Retrieved from PXHere
It's incredibly difficult to look for a silver lining in the midst of a pandemic when all you can see is the carnage it's caused in its wake. Millions of people have lost their lives. Millions have lost their jobs. We've all lost any semblance of normalcy, and it looks like this will be our reality for the foreseeable future.
But believe it or not, there is a silver lining in all of this.
Disease outbreaks are a grim reminder of how one incident can snowball into a global nightmare, but they also have a long history of changing things for the better. London got its Victorian sewer system after the cholera epidemic claimed the lives of 30,000 people. The Spanish flu, one of the worst pandemics in history, brought about better ventilation standards for buildings.
COVID-19 is poised to bring about the same widespread change as other pandemics have by accelerating the adoption of smart city technology across the world. Klaus R. Kunzmann, the former head of the Institute of Spatial Planning at the Technical University of Germany, describes the coronavirus outbreak as being "a lubricant for the smart city."
Let's unpack this.
Familiarity incites higher levels of trust
Technology is so enmeshed in our world that it's hard to imagine life without it. Yet, many people are only comfortable with technology as far as smartphones and computers go; anything else feels too dystopian or invasive.
Smart cities have been around since the 1990s and gained traction following the financial collapse of 2008, but their adoption has been slow-going since then. Consolidating smart technology into a city's existing infrastructure comes with a hefty price tag, but it's also met with skepticism and unease by many people across the world.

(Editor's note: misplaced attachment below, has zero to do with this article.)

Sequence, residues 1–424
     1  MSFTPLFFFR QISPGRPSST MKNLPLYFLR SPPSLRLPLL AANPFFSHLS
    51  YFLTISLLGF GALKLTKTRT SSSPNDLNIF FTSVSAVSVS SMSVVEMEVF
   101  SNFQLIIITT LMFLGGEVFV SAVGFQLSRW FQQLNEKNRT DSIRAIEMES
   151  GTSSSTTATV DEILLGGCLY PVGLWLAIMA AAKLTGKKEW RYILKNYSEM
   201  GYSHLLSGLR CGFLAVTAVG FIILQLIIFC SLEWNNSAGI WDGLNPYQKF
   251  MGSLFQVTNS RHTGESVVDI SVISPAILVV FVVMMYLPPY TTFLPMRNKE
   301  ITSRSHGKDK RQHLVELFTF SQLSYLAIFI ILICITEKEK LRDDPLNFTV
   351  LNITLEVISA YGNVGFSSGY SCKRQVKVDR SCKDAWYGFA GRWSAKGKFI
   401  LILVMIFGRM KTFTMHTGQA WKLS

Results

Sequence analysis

The pandemic has now exposed people to conditions that make smart city tech easier to swallow. Its impact on the economy, the community and the healthcare sector have local governments and citizens clamoring for change. Citizens are now more open to smart city solutions than ever before, which has opened the door to rapid expansion.
While modern technology will eventually influence everything about a city's infrastructure, there are a few areas where digital transformation has become the most urgent.
Intelligent traffic management
Smart traffic management systems are replacing the outdated, manual processes that cities have used for so long. For the first time, technology allows cities to respond to changing environments in real-time.
Even a simple shift to smart traffic lights could reduce street congestion by upwards of 25%. Waiting for a red light to change if there's no traffic coming from the other direction will eventually become a thing of the past. Instead of following a predetermined time setting, smart traffic lights will respond to what's happening in the moment.
Digital grids not only make it possible for traffic lights to communicate with one another to enhance traffic flow and decrease congestion, but they also give city managers the ability to implement better traffic policies, like prioritizing pedestrians in school zones during the most active times of the day.
Originally written by
Ronald Chagoury Jr., Vice Chairman Eko Atlantic | October 21, 2020
for Smart Cities Dive